MS was just terribly rare in our Grandparent's time and incidence has drastically increased since then and it's said that genetics in humans isn't capable of changing that quickly so if it really is congenital, it makes you wonder how it came to happen.
Generations of living in conditions where sunlight (and exposure to the sun) is less prevalent - and less people work outdoors regularly to get vitamin d. Vitamin D lacking then could be a cause of CCSVI (don't know yet, not that far into the research, but it's not hard to draw the link for sure) ... Vitamin d may be critical in forming proper veins in the uterus - passed from mother to child in the womb.
The sun drives life on earth ... makes things healthy, feeds them on a cellular level ... it's not a far reach to assume the sun is important in development and health. And with the known Vitamin D relation to MS - the sun obviously plays a role ... so again, it's not a far leap to connect vitamin D to (potentially) vein development and CCSVI ...
hence the 38th parallel or whatever it is
hence the high incidence of "MS" in babies born in late spring/early summer when most of the pregnancy would have been spent indoors from the cold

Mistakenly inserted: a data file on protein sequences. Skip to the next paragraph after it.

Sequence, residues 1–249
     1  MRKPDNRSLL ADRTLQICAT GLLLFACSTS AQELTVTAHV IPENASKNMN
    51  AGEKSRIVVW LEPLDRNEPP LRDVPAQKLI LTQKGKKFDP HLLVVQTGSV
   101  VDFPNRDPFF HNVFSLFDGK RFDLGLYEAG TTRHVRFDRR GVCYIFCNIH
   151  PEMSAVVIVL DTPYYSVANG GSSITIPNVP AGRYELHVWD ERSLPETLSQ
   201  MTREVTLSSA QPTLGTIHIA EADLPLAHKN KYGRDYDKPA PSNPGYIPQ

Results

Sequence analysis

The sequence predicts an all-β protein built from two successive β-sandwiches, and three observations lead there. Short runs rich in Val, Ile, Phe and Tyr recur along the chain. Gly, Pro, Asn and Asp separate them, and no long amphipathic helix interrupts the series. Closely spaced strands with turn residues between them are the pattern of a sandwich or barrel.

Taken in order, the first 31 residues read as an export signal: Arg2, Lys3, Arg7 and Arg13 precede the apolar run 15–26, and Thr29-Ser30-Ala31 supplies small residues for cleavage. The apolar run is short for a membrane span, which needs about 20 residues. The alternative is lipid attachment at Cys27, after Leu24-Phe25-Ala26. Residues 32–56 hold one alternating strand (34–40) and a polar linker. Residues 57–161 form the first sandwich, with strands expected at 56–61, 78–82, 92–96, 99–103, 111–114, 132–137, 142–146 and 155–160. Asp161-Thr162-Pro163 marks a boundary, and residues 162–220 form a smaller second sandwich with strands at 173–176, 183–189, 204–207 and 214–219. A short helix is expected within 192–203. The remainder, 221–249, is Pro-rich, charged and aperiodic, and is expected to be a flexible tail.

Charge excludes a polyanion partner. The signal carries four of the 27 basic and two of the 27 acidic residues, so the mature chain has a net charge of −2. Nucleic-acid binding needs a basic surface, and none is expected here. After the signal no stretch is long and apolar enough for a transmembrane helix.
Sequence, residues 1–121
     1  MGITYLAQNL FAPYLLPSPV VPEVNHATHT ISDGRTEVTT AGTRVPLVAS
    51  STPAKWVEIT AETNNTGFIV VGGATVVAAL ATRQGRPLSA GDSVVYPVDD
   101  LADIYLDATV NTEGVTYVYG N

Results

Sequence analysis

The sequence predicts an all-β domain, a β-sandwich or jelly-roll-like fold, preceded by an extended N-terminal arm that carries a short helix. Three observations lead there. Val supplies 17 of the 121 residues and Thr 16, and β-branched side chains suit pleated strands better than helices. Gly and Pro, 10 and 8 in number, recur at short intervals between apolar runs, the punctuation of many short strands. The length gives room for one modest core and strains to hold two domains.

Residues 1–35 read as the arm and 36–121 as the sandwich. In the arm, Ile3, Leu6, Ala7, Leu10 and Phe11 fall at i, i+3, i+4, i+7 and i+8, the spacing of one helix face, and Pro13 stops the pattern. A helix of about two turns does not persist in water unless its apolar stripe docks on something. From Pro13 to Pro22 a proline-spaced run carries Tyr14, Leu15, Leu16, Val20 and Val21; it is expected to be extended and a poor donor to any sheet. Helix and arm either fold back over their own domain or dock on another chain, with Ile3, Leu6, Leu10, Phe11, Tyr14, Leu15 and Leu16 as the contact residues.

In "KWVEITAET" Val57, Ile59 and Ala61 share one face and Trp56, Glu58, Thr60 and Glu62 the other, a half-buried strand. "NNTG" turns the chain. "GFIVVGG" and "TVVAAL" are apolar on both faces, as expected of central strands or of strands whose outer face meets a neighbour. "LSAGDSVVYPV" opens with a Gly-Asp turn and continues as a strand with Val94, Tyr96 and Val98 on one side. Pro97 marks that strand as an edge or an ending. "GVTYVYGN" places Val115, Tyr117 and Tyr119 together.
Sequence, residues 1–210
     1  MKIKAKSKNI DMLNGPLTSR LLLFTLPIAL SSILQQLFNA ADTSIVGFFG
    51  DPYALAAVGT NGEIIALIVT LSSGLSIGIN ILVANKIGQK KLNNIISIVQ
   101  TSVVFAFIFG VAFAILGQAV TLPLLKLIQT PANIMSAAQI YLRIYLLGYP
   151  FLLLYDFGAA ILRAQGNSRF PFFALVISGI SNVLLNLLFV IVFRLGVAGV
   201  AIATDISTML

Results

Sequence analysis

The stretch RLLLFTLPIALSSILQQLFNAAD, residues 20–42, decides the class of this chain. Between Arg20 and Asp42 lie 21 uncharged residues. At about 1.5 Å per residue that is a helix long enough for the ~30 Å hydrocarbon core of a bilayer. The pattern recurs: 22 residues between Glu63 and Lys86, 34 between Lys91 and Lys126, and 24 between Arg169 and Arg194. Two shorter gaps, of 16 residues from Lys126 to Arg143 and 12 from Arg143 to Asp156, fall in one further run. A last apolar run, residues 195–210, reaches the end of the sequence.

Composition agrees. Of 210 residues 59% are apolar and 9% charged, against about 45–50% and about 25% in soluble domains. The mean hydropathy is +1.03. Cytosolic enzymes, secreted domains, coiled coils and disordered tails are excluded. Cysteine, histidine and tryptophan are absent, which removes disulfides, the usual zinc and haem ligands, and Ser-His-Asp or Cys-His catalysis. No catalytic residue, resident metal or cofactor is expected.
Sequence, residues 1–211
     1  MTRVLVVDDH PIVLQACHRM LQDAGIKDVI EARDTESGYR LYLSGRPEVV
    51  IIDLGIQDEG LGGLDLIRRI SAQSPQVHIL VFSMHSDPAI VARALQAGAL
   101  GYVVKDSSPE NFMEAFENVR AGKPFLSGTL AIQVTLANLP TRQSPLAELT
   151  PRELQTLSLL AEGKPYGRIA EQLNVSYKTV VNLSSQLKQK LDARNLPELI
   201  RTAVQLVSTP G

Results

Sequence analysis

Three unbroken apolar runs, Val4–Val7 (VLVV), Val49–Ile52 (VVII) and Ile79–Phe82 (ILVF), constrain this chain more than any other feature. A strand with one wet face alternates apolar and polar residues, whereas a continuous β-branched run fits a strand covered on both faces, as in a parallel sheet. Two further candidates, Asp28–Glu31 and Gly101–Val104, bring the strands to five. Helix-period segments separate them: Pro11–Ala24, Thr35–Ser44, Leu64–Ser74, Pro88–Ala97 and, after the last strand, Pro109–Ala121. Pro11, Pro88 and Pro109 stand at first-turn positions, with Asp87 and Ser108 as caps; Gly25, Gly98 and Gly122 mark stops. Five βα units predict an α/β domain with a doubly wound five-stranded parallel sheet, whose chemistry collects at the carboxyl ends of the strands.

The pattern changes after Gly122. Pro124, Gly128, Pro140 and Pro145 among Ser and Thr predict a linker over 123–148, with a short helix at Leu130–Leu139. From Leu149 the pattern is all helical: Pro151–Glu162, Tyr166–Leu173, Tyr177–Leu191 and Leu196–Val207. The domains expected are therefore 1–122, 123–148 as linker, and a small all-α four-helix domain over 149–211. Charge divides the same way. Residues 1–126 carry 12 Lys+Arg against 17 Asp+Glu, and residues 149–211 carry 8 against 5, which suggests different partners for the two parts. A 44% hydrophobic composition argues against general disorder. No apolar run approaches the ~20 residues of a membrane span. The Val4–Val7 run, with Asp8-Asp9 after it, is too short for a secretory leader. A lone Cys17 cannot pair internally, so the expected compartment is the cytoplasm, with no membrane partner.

hence when people began getting indoor jobs, the industrial revolution, MS rate increased dramatically - in a few generations as you point out
hence when Iranian women were forced to cover head to toe, MS incident rate increased dramatically in GENERATIONS
Huh, what if CCSVI is caused by lack of vitamin d in the mother passed to the womb ... what a new neat idea that should certainly be explored.
Pittsburgh/Western PA is the 2nd cloudiest place in the US ... high incidence of MS.
Same through western NY and the great lakes regions ... very cloudy, very cold ...
Same for Canada (very cold much of the year)
Same for the pacific northwest - lots of gray days.
Same for England/Scotland - very cloudy. Little sun.
Same goes for Iranian women increasing in prevalence (when women became forced to cover up from head to toe and get VERY limited exposure to sun)
Little MS in Mexico (or other third world areas, as you point out - though I'm not sure why people can't make the connection I did above) ... lot of out door work - or whatever people in sub-saharan africa do during the day, still because, plenty of sun. Same goes for down through central america ... same goes for islanders ... little rate of incidence among african americans ... (generations haven't been not getting sun long enough though ... whereas caucasians have for many many generations)